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Catrin Wyn-Davies has already been seen this season as Tatyana in the revival of Eugene Onegin. She is a talented artist with a rich, vibrant voice but I am puzzled at ENO's promotion of her in young ingénue roles. As Tatyana her voice as an expressive instrument only really came into its own in the final act, when Tatyana is more mature. There was a similar problem with her Blanche; though her acting was superb her voice completely failed to suggest fragility. Only at the end, did voice and role completely match. But she is an intelligent artist and there was still much to enjoy in her rich and nuanced performance.

Catrin Wyn-Davies as Blanche in 'The Carmelites'. Photo © 2005 Stephen Vaughan
Catrin Wyn-Davies as Blanche in 'The Carmelites'. Photo © 2005 Stephen Vaughan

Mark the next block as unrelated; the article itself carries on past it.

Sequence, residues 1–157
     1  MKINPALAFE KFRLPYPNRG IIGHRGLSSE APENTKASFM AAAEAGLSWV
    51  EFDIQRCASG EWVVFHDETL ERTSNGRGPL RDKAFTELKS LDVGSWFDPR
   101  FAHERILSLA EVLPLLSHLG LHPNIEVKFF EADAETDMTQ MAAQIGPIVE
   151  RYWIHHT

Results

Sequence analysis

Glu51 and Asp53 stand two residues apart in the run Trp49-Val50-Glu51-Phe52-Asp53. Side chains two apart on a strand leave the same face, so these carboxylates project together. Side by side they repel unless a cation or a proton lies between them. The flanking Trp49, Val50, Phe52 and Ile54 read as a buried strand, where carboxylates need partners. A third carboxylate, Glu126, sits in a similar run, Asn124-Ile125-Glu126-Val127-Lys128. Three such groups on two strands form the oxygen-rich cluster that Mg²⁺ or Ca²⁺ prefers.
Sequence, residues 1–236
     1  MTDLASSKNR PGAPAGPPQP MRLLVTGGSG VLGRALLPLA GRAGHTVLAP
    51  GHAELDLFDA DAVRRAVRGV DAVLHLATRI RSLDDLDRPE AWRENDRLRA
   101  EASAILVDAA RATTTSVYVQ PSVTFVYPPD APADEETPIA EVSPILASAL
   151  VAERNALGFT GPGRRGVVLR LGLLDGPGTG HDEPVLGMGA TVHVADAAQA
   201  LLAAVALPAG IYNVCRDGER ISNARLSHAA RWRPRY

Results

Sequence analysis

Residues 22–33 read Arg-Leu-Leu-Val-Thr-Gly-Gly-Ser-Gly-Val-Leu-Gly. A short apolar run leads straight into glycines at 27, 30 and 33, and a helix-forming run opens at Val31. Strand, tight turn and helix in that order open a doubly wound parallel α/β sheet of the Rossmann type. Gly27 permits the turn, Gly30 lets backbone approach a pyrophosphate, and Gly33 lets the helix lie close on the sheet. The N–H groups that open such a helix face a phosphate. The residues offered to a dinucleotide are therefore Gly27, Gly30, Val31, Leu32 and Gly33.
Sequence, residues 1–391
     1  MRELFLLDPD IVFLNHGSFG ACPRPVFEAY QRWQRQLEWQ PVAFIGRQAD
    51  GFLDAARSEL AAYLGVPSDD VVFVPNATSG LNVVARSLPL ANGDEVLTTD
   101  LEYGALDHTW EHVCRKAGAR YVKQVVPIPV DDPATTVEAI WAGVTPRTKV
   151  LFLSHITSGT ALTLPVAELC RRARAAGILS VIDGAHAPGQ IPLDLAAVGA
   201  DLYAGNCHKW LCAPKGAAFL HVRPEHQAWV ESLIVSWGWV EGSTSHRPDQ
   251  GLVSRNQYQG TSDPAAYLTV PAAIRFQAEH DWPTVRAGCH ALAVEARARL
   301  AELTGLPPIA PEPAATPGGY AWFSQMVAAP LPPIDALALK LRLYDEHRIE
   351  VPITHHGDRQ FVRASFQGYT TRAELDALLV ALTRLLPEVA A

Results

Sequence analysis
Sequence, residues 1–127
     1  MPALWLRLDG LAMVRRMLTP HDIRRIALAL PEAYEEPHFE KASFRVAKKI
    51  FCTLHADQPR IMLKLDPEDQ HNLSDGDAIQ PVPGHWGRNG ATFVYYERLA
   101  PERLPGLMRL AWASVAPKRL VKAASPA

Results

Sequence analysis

The issue of Wyn-Davies's voice type is perhaps symptomatic of a production which seems to have been cast with a degree of blindness to Poulenc's careful allocation of voice types and tessituras. Blanche is intended to be a lyric soprano (think Felicity Lott in the Covent Garden revival of the opera) as is the New Prioress, whilst Mère Marie is a mezzo. This latter role allocation was deliberate as, with the death of the Old Prioress, this leaves Mère Marie as the only low female voice. What we got at the Coliseum was the more dramatic lyric voice of Wyn-Davies as Blanche, the dramatic soprano of Orla Boylan (she has been singing Sieglinde recently) as the New Prioress and Dame Josephine Barstow as Mère Marie. All are fine artists and dramatically credible, with suitable contrasting voices but none is quite the voice type which Poulenc intended. Only Sarah Tynan as Sister Constance sounded just right.

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Copyright © 20 October 2005 Robert Hugill, London UK


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